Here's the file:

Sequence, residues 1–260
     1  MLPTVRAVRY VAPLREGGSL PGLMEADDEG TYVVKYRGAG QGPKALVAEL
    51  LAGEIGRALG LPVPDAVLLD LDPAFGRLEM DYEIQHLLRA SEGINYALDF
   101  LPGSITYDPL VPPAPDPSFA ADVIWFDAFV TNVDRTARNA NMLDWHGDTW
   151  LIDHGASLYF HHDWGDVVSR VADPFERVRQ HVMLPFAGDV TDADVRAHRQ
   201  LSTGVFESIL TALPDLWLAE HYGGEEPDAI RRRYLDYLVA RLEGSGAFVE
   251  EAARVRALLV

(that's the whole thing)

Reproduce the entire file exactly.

Sequence, residues 1–260
     1  MLPTVRAVRY VAPLREGGSL PGLMEADDEG TYVVKYRGAG QGPKALVAEL
    51  LAGEIGRALG LPVPDAVLLD LDPAFGRLEM DYEIQHLLRA SEGINYALDF
   101  LPGSITYDPL VPPAPDPSFA ADVIWFDAFV TNVDRTARNA NMLDWHGDTW
   151  LIDHGASLYF HHDWGDVVSR VADPFERVRQ HVMLPFAGDV TDADVRAHRQ
   201  LSTGVFESIL TALPDLWLAE HYGGEEPDAI RRRYLDYLVA RLEGSGAFVE
   251  EAARVRALLV